Taking flexibility in education to new levels

Dr Marina Skiba and Dr Simone Spark teaching Clinical Trial FundamentalsSchool clinical trials experts have led a trailblazing new short course, the School’s first stackable, micro-credentialed short course.

Clinical Trials Fundamentals was developed by clinical trials and research ethics specialists Dr Simone Spark and Dr Marina Skiba. Offered initially in November 2021, the course is now entering the second round of intakes, and the pair are delighted with the ongoing interest, and the real-world results for their students.

Dr Skiba says, “We’ve already been contacted by a number of students who have told us the course has helped them secure clinical trial jobs they believed were previously out of their reach. So we’re thrilled with the employability the course is providing.”

The clinical trial field is booming across both private companies and medical research organisations. Research by MTPConnect showed that in 2019, one in five clinical trials commenced in Australia took place at the Alfred Precinct.

The course is offered in three parts. Part 1 is a self-guided online module conveying foundational knowledge that every clinical trialist should know. It’s a mandatory pre-requirement for the further modules, but also serves as an exit point in its own right. For those interested in a deeper dive, Part 2 is a three-day face-to-face/Zoom masterclass, taking a more in-depth look into the concepts presented in Part 1, and fostering discussion and problem solving. Part 3 is a set of assessment tasks for those wishing to demonstrate competency.

The creation of such a flexible course presented a number of headaches for the duo. High among them was how to explain and market the various pathways students could follow, and how the course articulates into further study opportunities.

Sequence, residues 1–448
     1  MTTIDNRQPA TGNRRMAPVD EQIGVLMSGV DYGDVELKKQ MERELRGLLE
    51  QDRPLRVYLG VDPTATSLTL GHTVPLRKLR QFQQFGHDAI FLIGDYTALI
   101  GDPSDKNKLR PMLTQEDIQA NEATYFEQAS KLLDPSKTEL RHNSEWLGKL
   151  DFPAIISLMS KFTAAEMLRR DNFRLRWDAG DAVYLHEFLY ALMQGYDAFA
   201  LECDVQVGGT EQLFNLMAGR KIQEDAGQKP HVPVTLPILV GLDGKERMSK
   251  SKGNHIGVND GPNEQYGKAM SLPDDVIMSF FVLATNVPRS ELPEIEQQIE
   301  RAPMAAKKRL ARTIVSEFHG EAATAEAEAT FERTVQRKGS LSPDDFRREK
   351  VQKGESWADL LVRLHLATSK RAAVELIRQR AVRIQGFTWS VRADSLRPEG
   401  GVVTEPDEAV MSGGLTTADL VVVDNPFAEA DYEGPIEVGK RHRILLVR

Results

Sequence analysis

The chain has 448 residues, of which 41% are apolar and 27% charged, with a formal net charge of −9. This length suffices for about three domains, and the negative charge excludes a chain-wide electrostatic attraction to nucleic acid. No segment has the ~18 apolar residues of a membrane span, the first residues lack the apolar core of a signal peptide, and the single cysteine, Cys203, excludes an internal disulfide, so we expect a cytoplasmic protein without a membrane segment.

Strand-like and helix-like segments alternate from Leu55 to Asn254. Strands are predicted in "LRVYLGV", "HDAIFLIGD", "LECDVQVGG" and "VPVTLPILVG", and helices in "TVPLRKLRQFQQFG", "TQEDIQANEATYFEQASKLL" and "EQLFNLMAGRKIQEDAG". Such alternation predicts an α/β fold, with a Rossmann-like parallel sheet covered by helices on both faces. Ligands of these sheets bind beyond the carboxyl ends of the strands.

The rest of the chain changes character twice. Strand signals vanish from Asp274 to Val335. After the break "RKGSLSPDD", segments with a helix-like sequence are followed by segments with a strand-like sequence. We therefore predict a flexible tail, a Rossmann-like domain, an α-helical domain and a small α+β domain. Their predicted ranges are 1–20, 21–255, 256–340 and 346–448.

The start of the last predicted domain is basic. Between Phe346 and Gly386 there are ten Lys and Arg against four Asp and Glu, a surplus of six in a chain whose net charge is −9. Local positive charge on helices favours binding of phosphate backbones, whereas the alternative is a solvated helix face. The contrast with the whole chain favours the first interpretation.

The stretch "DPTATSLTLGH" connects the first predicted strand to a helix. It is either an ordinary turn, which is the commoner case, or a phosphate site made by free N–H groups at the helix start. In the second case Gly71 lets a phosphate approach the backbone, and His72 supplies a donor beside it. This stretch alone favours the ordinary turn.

Dr Skiba says, “It took us a couple of attempts to clearly distil and present the various options, and succinctly explain the specific benefits and points of difference for each component. We initially faced some enquiries from interested students about things we thought we’d explained fairly well, and realized we needed to tweak things. We engaged with our School Communications Manager, and our Education Designer and made some improvements that are now reflected in all of our resources and website. We think it’s working much better now.”

The micro-credentialing aspect of the course is also unique. Graduates of Part 3 obtain six credit points, the equivalent of a Unit in a Masters program. Dr Spark says, “Micro-credentialing is a great way to provide variety to current Masters students who can take this as a Unit, and to allow others in the healthcare and research community to test the waters, if they are considering further study but aren’t quite ready to commit.”


Click here for more news from the School of Public Health and Preventive Medicine